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  • 'World's Oldest Webcam' To Be Switched Off
    The world's oldest continuously working webcam is being switched off after 25 years. The BBC reports: The Fogcam was set up in 1994 to watch how the weather changed on the San Francisco State University campus. has broadcast almost continuously since then barring regular maintenance and the occasional need for it to be re-sited to maintain its view. Its creators said it was being shut down because there were now no good places to put the webcam. Jeff Schwartz, who with Dan Wong set up the webcam, said it would go offline on 30 August. "We felt it was time to let it go," Mr Schwartz told the SFGate newspaper, adding that it was getting harder to find secure locations to put the camera so it had a good view of Holloway Avenue. Mr Schwartz said he was inspired to set up the camera by what is believed to be the first-ever live webcam which was set up at Cambridge University in 1993 to watch a communal coffee pot.

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  • Pig To Human Heart Transplants 'Possible Within Three Years'
    An anonymous reader quotes a report from The Guardian: Adapted pig hearts could be transplanted into patients within three years, according to a report citing the surgeon who pioneered heart transplantation in the UK. On the 40th anniversary of the first successful heart transplant, Sir Terence English told The Sunday Telegraph that his protege from that operation would try to replace a human kidney with a pig's this year. "If the result of xenotransplantation is satisfactory with porcine kidneys to humans, then it is likely that hearts would be used with good effects in humans within a few years," the 87-year-old said. "If it works with a kidney, it will work with a heart. That will transform the issue." The anatomy and physiology of a pig's heart is similar to that of a human's, so they are used as models for developing new treatments.

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  • YouTube Removes Videos of Robots Fighting For 'Animal Cruelty'
    YouTuber and robot enthusiast Anthony Murney noticed YouTube has removed hundreds of videos showing robots battling other robots after claiming they are in breach of its rules surrounding animal cruelty. He's blaming a new algorithm introduced by YouTube to detect instances of animal abuse. The Independent reports: Several other channels dedicated to robot combat have also produced videos pointing out the issue in an effort to get YouTube to restore the content. Channels posting robot combat videos saw their content removed and received a notice from YouTube explaining that the videos were in breach of its community guidelines. Each notice cited the same section of these guidelines, which states: "Content that displays the deliberate infliction of animal suffering or the forcing of animals to fight is not allowed on YouTube." It goes on to state: "Examples include, but are not limited to, dog fighting and cock fighting."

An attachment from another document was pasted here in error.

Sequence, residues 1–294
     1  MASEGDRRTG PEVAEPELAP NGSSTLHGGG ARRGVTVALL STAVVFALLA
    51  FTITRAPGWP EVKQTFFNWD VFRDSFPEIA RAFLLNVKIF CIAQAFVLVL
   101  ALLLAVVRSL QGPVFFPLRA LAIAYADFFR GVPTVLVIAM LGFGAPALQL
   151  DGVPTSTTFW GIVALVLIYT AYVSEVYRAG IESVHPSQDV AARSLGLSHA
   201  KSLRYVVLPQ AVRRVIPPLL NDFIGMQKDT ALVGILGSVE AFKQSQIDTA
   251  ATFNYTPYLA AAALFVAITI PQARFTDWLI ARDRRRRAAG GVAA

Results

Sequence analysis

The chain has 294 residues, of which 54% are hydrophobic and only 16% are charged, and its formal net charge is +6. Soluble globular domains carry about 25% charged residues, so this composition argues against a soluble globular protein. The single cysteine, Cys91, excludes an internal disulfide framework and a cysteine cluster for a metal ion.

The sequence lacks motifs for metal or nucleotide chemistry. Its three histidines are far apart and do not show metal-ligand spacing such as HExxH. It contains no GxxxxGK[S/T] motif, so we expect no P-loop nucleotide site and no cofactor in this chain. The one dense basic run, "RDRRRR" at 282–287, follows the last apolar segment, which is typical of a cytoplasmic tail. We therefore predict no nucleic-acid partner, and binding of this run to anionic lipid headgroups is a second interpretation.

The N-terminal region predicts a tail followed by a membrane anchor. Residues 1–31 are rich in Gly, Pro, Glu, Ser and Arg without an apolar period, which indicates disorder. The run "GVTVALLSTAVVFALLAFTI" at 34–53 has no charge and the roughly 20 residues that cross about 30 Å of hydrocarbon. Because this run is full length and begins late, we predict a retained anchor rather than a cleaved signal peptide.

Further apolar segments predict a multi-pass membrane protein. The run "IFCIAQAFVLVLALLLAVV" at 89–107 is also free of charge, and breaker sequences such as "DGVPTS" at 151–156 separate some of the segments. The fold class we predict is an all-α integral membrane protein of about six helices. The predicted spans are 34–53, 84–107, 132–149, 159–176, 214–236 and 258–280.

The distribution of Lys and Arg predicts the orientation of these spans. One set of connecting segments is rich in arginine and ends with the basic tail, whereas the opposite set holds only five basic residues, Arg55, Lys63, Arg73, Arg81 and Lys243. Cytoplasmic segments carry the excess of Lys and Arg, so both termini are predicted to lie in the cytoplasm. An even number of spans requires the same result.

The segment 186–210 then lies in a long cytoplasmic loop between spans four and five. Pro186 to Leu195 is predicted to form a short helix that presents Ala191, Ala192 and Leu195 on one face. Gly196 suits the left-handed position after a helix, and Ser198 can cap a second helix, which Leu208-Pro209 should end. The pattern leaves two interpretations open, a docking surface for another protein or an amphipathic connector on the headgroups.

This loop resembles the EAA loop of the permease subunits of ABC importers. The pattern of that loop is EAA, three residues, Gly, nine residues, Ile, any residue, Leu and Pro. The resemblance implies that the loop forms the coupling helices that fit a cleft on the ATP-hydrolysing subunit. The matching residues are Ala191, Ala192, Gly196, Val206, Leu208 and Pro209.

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  • Walmart Sues Tesla Over Fires At Stores Fitted With Its Solar Panels
    Walmart filed a lawsuit on Tuesday against Tesla accusing the company of supplying solar panels that were responsible for fires at about seven of its stores. Reuters reports: The fires destroyed significant amounts of store merchandise and required substantial repairs, totaling hundreds of thousands of dollars in out-of-pocket losses, Walmart said in the lawsuit. As of November 2018, no fewer than seven Walmart stores, including in Denton, Maryland and Beavercreek, Ohio, had experienced fires due to Tesla's solar systems, according to the lawsuit. The world's largest retailer started using solar panels made by SolarCity in 2010 and the roofs of around 240 of its stores were fitted with solar panels made by the company. "This is a breach of contract action arising from years of gross negligence and failure to live up to industry standards by Tesla with respect to solar panels that Tesla designed, installed, and promised to operate and maintain safely on the roofs of hundreds of Walmart stores," Walmart said in the court filing.

    Read more of this story at Slashdot.